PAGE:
Friday, October 16, 2009

SSAS Deployment Error: No mapping between account names and security IDs was done. .

Check to make sure all the Active Directory ids in your role objects are valid. Most likely this error is being caused by a user or group that has been removed from your Active Directory.

Thursday, October 8, 2009

SQL Server Management Studio Default Isolation Level Can Cause Locking/Blocking

Many unsofisticated and/or underfunded organizations have people executing ad hoc queries against production SQL Server instances with little or no oversight. I am currently in an organization where employees on the operations team as well as the marketing and business intelligence teams have the ability to execute queries via SQL Server Management Studio, directly against production OLTP databases. If a query takes an hour to run, so be it. They need their data and they will wait. These users know nothing about locks, blocking, resource contention, IO bottlenecks, etc and therefore have no idea what problems they might be causing.

Unfortunately, the default behavior for SQL Server Management Studio is to default each connection's Isolation Level to Read Committed. This can cause blocking under a number of different scenarios. I won't detail them here but believe me, it can be a problem.
However, this problem can be avoided. SSMS provides the ability to set the default Isolation Level for all queries. The option can be found by navigating to Tools -> Options. From there, Query Execution -> SQL Server -> Advanced.

I suggest setting the TRANSACTION ISOLATION LEVEL to READ UNCOMMITTED and the DEADLOCK_PRIORITY to Low. Setting the DEADLOCK_PRIORITY to Low will mean that, in the case of a deadlock, the SSMS query will most likely be aborted. Also note the LOCK TIMEOUT value of 30,000 milliseconds. This is the equivalent of 30 seconds and means that if an SSMS query encounters a lock for more than 30 seconds, the query will be aborted.
Note that you can also set the Isolation Level for the active connection by issuing the SET TRANSACTION ISOLATION LEVEL command. For example:

This command can also be used in stored procedures instead of using NOLOCK hints on all tables.

**Keep in mind that using this transaction isolation level can lead to inconsistent data in your result set since you can read uncommitted data. 

Below are the descriptions of the different Isolation Levels from SQL Server BOL.

Specifies that shared locks are held while the data is being read to avoid dirty reads, but the data can be changed before the end of the transaction, resulting in nonrepeatable reads or phantom data. This option is the SQL Server default.

Implements dirty read, or isolation level 0 locking, which means that no shared locks are issued and no exclusive locks are honored. When this option is set, it is possible to read uncommitted or dirty data; values in the data can be changed and rows can appear or disappear in the data set before the end of the transaction. This option has the same effect as setting NOLOCK on all tables in all SELECT statements in a transaction. This is the least restrictive of the four isolation levels.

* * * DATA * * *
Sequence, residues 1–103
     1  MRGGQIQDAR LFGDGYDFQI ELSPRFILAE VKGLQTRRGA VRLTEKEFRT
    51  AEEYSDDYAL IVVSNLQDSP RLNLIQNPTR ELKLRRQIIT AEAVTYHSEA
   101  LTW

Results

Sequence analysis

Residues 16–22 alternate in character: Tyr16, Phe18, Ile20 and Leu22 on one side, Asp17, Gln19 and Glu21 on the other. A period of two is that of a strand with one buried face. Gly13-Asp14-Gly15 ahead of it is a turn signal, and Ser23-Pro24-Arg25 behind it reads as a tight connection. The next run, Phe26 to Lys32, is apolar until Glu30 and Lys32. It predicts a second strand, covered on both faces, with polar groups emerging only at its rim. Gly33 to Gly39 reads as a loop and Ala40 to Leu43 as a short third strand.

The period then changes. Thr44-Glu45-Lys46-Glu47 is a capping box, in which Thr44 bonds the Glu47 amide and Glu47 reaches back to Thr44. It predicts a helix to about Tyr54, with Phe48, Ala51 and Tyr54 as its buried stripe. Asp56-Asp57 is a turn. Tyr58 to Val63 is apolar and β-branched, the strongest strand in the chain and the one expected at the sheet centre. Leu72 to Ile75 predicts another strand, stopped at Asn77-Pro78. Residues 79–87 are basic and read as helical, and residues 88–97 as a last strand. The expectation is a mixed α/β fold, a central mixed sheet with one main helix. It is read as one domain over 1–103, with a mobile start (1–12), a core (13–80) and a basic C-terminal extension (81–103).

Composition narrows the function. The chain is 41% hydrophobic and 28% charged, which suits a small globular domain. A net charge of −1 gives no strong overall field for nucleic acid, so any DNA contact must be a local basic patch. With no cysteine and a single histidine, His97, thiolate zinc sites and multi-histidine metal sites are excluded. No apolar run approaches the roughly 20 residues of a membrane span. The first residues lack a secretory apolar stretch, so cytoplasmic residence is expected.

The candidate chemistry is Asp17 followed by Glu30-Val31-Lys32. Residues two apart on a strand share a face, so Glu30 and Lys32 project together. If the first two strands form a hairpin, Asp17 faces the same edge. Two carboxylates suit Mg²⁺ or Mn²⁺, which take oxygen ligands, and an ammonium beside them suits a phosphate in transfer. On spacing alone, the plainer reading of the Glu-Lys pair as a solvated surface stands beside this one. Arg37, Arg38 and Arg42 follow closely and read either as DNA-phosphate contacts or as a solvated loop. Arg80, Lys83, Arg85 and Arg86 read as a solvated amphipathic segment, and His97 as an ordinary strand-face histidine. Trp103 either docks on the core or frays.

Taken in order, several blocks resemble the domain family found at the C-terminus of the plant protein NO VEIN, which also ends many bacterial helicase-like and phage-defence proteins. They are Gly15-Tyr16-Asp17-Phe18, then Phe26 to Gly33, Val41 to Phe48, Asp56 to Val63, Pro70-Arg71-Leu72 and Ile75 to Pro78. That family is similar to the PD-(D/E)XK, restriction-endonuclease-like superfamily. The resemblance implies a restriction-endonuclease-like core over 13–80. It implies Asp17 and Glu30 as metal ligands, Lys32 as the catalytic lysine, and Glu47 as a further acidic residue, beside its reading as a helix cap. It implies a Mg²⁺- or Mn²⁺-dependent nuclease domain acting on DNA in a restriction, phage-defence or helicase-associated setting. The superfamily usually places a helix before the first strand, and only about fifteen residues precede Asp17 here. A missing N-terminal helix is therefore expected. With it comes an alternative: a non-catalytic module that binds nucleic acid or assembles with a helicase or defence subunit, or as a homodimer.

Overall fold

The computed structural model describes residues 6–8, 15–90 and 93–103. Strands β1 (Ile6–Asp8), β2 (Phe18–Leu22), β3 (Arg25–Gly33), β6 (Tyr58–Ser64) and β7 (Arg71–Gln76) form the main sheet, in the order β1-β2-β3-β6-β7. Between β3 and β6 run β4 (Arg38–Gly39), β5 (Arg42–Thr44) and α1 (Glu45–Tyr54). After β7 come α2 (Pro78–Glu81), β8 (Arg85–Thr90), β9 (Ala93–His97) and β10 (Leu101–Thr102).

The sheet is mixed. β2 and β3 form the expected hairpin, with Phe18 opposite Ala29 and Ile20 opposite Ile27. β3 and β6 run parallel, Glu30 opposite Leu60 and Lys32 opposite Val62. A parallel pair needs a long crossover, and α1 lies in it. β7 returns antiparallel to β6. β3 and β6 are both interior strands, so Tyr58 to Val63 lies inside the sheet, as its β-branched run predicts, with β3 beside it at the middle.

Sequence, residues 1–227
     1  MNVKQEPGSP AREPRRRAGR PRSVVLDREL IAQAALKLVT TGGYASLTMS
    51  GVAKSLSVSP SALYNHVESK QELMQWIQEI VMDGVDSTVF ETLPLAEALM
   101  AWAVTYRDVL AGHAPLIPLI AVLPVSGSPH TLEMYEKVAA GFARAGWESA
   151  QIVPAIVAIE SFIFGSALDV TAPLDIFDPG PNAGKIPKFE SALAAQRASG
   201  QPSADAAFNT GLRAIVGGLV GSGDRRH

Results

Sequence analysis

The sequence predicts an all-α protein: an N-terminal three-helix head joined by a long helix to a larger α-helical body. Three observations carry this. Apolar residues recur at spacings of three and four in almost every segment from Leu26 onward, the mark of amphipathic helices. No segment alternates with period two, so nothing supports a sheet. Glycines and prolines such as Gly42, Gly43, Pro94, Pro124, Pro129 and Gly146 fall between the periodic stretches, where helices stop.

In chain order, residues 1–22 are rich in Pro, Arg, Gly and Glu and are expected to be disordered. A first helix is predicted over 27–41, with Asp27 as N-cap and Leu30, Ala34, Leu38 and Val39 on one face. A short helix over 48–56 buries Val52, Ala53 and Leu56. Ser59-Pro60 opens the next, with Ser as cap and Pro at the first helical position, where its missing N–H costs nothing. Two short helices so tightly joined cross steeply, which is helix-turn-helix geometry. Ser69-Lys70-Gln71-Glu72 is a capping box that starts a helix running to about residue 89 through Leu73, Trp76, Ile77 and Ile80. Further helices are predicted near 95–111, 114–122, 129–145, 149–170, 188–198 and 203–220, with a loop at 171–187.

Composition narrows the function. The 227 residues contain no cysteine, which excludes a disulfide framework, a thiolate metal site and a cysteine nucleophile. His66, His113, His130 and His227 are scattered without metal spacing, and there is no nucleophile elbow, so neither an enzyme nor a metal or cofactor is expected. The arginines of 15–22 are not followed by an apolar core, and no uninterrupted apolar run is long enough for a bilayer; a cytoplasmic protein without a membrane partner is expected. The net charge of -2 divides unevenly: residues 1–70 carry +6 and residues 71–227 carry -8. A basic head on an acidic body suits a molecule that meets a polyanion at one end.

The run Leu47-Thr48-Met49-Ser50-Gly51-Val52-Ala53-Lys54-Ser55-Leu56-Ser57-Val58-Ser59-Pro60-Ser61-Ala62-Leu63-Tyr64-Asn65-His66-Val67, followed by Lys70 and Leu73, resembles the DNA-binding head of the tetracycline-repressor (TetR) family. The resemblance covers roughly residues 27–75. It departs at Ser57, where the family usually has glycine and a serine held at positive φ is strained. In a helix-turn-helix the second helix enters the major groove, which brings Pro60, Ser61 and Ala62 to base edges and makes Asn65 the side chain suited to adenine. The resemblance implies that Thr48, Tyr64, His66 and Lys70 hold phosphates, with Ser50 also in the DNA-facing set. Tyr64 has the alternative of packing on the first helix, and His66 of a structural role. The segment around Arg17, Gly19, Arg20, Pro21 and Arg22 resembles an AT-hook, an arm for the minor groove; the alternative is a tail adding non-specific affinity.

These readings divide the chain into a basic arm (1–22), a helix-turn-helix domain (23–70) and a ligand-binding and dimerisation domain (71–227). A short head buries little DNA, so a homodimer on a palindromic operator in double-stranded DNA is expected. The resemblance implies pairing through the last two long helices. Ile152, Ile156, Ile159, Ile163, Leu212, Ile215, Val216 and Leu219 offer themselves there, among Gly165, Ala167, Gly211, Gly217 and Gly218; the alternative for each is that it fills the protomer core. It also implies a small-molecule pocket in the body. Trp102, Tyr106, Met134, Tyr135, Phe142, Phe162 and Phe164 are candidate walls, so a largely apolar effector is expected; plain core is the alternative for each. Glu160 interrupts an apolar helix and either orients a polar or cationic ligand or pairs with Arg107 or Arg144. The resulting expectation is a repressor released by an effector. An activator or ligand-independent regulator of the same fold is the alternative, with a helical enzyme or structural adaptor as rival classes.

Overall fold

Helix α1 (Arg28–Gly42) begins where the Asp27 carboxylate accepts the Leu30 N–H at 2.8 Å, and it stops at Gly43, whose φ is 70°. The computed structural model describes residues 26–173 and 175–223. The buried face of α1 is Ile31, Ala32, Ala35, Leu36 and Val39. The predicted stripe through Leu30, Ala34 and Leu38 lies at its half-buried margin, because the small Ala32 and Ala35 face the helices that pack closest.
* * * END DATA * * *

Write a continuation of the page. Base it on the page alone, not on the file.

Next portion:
Locks are placed on all data that is used in a query, preventing other users from updating the data, but new phantom rows can be inserted into the data set by another user and are included in later reads in the current transaction. Because concurrency is lower than the default isolation level, use this option only when necessary.

Places a range lock on the data set, preventing other users from updating or inserting rows into the data set until the transaction is complete. This is the most restrictive of the four isolation levels. Because concurrency is lower, use this option only when necessary. This option has the same effect as setting HOLDLOCK on all tables in all SELECT statements in a transaction.

Wednesday, October 7, 2009


I was recently struggling with a couple of linked servers. Every time I tried testing them or running a query that referenced the linked server I received the following error:
       Login failed for user 'NT AUTHORITY\ANONYMOUS LOGON
The environment I was operating in had an overly complex network configuration that I won't begin to attempt to describe. Anyhow, I was convinced that this had something to do with Kerberos authentication. It turns out it does although not the way I had originally thought.

The SQL Server had recently been migrated to a new domain. In the process, an SPN (Service Principal Name) had not been modified accordingly. By using setspn -L servername I was able to see that the SPN referenced the old domain name.

To resolve the problem the SPN was deleted using setspn -D.